In this section, we first present some information about the projects developed by the study participants, and then we describe the results of the thematic analysis grouped into five topics related to the questionnaire: (i) difficulties in applying TDD; (ii) test failures and unexpected situations; (iii) key benefits of TDD; (iv) software design; and (v) mock objects. The results of the thematic analysis are presented in tables. The questions asked the participants are under the headings of each table. For each question, we present the themes and sub-themes that have emerged from participants’ answers. Alongside each theme and sub-theme, we included the number of participants who mentioned something about them. Also, we included some participants’ quotations. Such quotations, originally in Portuguese, were translated into English by the authors.
Projects size and test coverage. Once the applications had different purposes (see Table 1), our intention was not to compare the projects with each other. However, we collected some software metrics, which have been provided to us by the participants, to obtain information on the size of the applications, and on the coverage of tests. Table 2 presents the metrics related to: (i) total of hours spent in implementation; (ii) number of lines of code; (iii) number of classes (or functions, or modules); (iv) number of methods; (v) number of lines in the test code; (vi) number of classes (or files) in the test code; and (vii) number of methods in the test code. Additionally, Table 2 also shows the percentage of test coverage, and the tools used to support programmers in the unit tests.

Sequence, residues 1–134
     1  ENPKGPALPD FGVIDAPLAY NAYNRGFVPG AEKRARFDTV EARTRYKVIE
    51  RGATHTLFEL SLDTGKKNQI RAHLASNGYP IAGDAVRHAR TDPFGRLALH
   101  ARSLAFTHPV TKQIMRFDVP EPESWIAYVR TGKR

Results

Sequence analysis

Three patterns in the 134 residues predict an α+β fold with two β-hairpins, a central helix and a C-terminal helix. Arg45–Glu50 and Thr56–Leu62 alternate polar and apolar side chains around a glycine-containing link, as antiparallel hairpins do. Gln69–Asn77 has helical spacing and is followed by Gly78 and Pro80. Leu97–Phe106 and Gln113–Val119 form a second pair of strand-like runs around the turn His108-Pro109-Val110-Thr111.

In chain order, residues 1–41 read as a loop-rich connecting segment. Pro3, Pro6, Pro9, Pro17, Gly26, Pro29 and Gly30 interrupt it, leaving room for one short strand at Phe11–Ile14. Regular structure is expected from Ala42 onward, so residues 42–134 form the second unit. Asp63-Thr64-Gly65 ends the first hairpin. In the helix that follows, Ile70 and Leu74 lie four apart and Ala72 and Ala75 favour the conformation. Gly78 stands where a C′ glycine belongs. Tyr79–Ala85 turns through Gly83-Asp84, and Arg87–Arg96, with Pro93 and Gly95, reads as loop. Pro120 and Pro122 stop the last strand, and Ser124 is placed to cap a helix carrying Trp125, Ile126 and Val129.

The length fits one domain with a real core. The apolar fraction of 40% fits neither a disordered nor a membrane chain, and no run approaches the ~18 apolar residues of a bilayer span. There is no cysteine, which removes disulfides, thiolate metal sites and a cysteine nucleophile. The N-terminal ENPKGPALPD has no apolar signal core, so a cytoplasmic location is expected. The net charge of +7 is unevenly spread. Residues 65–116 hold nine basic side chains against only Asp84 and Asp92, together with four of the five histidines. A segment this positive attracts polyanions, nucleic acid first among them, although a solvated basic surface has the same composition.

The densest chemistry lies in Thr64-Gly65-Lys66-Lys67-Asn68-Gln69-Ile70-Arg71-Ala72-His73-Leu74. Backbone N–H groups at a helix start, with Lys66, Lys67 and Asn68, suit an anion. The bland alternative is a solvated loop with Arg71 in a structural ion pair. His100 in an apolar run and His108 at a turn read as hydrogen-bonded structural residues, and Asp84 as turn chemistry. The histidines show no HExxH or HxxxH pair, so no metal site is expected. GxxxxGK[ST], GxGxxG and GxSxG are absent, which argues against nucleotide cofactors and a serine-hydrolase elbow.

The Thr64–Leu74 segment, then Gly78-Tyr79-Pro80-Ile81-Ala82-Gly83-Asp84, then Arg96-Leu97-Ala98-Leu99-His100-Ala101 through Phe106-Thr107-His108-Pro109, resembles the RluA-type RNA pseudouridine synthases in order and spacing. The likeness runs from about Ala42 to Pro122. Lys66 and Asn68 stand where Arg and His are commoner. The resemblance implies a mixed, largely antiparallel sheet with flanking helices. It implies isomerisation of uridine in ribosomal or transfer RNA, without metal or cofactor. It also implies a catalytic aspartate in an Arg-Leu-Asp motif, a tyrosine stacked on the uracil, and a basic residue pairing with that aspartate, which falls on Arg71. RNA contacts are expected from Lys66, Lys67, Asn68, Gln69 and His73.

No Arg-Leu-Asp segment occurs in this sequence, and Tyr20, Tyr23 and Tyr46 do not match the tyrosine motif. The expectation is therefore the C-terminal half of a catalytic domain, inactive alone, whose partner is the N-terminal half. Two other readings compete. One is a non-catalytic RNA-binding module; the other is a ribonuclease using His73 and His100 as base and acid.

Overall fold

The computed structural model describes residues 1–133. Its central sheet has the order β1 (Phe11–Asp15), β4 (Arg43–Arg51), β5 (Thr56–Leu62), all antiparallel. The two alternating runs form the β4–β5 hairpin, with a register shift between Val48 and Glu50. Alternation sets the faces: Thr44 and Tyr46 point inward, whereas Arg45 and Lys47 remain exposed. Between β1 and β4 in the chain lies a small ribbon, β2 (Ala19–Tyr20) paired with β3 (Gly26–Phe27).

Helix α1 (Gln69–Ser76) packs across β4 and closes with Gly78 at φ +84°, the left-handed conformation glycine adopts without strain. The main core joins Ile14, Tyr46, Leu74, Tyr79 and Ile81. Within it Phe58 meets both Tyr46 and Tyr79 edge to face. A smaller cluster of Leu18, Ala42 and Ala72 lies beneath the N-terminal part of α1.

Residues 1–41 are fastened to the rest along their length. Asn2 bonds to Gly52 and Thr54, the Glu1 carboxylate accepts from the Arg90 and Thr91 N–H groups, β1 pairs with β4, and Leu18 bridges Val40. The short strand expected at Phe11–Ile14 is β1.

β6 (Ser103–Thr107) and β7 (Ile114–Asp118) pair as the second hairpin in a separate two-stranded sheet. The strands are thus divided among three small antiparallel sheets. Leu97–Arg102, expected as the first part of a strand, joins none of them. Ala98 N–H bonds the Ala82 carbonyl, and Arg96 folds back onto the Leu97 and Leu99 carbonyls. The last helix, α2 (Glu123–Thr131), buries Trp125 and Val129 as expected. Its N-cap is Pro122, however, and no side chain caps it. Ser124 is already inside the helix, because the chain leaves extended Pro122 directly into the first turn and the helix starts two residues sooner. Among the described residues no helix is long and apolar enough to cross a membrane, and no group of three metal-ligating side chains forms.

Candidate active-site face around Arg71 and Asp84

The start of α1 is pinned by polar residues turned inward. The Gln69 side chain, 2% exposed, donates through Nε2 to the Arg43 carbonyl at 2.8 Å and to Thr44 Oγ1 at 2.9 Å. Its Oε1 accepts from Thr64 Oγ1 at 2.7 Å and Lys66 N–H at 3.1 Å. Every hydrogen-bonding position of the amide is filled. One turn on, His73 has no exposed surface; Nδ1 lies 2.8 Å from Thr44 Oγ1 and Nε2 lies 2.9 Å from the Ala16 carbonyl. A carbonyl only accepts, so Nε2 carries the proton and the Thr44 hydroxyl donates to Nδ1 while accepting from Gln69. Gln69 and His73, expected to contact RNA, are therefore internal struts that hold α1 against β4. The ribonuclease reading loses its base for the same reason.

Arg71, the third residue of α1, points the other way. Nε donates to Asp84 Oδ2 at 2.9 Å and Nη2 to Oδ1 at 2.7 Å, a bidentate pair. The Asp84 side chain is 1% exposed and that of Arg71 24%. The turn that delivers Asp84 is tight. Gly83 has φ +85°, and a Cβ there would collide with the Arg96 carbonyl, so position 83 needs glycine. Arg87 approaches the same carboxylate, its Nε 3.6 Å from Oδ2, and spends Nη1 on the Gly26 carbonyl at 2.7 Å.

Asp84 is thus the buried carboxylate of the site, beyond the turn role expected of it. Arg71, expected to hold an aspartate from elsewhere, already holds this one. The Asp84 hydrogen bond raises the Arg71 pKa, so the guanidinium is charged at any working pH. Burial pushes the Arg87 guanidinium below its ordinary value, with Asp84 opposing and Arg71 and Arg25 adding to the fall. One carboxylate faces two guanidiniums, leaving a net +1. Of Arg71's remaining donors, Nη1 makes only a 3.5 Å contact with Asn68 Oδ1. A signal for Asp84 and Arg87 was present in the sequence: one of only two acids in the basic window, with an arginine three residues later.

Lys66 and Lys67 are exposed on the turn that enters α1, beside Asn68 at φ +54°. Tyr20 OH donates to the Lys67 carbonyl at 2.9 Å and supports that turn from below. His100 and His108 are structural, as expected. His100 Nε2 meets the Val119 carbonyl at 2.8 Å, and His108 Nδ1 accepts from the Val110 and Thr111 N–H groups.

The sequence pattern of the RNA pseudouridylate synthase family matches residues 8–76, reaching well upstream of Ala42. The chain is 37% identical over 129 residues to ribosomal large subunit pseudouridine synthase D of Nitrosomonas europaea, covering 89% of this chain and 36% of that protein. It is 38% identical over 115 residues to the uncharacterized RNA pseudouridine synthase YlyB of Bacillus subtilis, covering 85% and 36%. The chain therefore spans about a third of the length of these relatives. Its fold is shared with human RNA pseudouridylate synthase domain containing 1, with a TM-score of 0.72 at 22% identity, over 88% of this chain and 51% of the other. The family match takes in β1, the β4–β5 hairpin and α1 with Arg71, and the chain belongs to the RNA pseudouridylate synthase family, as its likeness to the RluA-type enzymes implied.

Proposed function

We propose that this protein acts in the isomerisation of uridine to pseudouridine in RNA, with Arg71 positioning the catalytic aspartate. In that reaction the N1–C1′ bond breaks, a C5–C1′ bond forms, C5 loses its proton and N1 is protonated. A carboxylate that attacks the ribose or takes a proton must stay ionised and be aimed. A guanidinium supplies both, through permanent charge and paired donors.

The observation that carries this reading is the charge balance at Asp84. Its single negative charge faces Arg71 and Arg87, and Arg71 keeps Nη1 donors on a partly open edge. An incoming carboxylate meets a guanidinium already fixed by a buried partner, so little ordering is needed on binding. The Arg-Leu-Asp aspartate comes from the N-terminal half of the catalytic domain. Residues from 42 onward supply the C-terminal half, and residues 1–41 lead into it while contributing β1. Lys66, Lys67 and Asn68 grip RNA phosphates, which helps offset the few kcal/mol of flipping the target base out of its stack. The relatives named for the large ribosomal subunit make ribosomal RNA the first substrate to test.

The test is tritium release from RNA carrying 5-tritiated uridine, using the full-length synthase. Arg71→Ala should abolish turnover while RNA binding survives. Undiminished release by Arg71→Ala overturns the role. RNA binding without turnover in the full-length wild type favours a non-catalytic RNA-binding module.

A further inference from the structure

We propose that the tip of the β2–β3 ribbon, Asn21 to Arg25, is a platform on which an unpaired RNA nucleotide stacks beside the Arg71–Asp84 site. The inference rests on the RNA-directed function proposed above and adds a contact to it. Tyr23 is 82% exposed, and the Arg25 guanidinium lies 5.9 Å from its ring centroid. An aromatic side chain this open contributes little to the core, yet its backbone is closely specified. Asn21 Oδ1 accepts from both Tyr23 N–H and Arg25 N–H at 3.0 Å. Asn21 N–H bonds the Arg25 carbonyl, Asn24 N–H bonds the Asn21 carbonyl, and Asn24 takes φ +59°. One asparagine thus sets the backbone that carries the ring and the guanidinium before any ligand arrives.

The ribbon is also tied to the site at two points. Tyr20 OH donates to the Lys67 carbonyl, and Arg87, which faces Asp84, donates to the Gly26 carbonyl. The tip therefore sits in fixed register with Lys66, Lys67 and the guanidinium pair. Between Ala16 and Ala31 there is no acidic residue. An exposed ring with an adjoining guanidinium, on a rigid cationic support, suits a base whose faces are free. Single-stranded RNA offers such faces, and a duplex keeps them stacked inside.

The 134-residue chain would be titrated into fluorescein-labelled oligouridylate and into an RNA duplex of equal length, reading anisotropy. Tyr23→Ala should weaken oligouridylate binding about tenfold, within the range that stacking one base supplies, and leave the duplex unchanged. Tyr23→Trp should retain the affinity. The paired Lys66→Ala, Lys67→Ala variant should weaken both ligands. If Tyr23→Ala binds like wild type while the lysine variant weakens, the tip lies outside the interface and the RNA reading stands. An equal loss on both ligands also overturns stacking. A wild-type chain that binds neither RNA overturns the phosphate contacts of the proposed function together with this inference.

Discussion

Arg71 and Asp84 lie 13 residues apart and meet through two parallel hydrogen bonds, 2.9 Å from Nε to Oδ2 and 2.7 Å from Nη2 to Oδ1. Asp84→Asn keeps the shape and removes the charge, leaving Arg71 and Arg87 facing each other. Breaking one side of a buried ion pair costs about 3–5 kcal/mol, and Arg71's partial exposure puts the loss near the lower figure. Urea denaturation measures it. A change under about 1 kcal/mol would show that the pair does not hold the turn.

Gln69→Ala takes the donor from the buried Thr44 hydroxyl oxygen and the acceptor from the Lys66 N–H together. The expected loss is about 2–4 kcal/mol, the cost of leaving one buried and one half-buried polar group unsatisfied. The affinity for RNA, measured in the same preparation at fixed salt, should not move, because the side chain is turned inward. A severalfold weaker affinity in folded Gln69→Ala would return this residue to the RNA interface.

Regarding development time, about 84% of the projects took in the range of 9 to 72 h to be implemented considering the production code and the unit tests (see Fig. 1). The amount of LOC of production ranged from 103 to 11,316; while the number of LOC of tests ranged from 101 to 4,588. Given the total number of LOC (production and testing), almost half of the projects (47%) range from 1,000 to 2,000 lines of code. As for the code coverage, 12 projects (about 63%) reached over 80% coverage. We point out that testing coverage is evidence that reinforces the use of TDD by participants.